It is therefore an object of the present invention to provide a vapor recovery system which obviates the problems associated with the conventionally known vapor recovery systems and meets the needs described above. The present invention is an on-board refueling vapor recovery system for a motor vehicle. The system comprises a fuel tank constructed and arranged to store a quantity of liquid fuel. A nozzle-receiving portion has a nozzle-receiving opening. The nozzle-receiving portion is fluidly communicated with the fuel tank such that a fuel nozzle can be inserted into the nozzle-receiving opening and supply liquid fuel to the fuel tank. Closure structure is constructed and arranged to be moved into closing engagement with the nozzle-receiving portion to thereby close the nozzle-receiving opening. The closure structure is movable out of closing engagement with the nozzle-receiving portion to thereby allow the fuel nozzle to be inserted into the nozzle-receiving opening. An exhaust passage communicates the fuel tank to an atmosphere outside of the motor vehicle when the exhaust passage is in an opened condition to thereby allow fuel vapor to vent from the fuel tank to the atmosphere. A filtration device is disposed in the exhaust passage and constructed and arranged to filter environmentally harmful elements from the fuel vapor it vents from the fuel tank to the atmosphere. A valve is disposed in the exhaust passage and movable between a closed position to close the exhaust passage and an open position to open the exhaust passage. A closure structure sensing device is positioned and configured to transmit electric signals based on whether the closure structure is disposed in closing engagement with the nozzle-receiving portion. A valve control unit is operatively connected with the valve and constructed and arranged to control whether the valve is opened or closed. The control unit is responsive to the electric signal from the closure sensing device and to a signal from the motor vehicle indicating whether the motor vehicle ignition has been activated. The valve control unit opens the valve to communicate the fuel tank with the filtration device to thereby allow the fuel vapor to be filtered and vented from the fuel tank to the atmosphere through the exhaust passage in response to the signal indicating that the motor vehicle ignition has not been activated in combination with the electrical signal from the closure structure sensing device indicating that the closure structure has been moved out of closing engagement with the nozzle-receiving portion. The valve control unit closes the valve to prevent communication between the fuel tank and the filtration device in response to the signal that the motor vehicle ignition has been activated.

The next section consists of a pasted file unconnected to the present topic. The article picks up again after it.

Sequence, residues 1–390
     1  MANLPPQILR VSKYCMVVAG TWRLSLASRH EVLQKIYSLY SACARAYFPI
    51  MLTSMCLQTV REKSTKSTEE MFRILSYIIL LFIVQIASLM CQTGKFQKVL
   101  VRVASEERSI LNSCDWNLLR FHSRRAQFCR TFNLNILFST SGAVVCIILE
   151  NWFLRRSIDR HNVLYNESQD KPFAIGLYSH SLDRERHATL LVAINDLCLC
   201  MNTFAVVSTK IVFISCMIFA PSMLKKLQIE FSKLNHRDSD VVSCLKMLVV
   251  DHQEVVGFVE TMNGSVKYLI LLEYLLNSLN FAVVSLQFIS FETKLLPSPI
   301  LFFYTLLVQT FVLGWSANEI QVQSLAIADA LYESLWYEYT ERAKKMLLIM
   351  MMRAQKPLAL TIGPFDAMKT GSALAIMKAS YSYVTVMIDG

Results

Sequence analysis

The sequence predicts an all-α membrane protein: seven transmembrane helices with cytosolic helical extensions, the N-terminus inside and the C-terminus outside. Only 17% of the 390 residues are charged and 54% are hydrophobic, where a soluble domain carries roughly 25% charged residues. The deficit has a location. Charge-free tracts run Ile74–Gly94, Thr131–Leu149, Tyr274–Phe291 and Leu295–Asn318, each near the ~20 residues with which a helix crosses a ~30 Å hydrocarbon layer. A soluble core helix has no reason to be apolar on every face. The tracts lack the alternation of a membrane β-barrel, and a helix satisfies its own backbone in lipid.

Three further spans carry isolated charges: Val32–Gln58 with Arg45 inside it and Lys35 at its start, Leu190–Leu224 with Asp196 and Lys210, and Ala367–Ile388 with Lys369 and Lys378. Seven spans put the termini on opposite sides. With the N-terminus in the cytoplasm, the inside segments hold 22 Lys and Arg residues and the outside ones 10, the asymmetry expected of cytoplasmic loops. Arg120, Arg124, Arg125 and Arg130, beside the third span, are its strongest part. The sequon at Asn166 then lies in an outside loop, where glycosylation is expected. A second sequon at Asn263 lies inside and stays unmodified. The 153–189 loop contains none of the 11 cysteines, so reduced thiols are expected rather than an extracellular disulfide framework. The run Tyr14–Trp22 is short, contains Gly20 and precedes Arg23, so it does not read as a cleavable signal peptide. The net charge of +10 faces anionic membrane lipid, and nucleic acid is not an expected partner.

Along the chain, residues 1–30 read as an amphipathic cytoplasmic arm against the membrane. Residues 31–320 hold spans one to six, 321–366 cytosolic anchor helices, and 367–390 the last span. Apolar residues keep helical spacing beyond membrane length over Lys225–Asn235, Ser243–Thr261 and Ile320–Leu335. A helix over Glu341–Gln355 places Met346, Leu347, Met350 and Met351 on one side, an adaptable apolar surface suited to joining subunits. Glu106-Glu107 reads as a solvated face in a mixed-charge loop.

Other objects, features, and characteristics of the present invention, as well as the method of operation and function of the related elements, will become more apparent upon consideration of the following detailed description and appended claims with reference to the accompanying drawing, all of which are a part of this specification.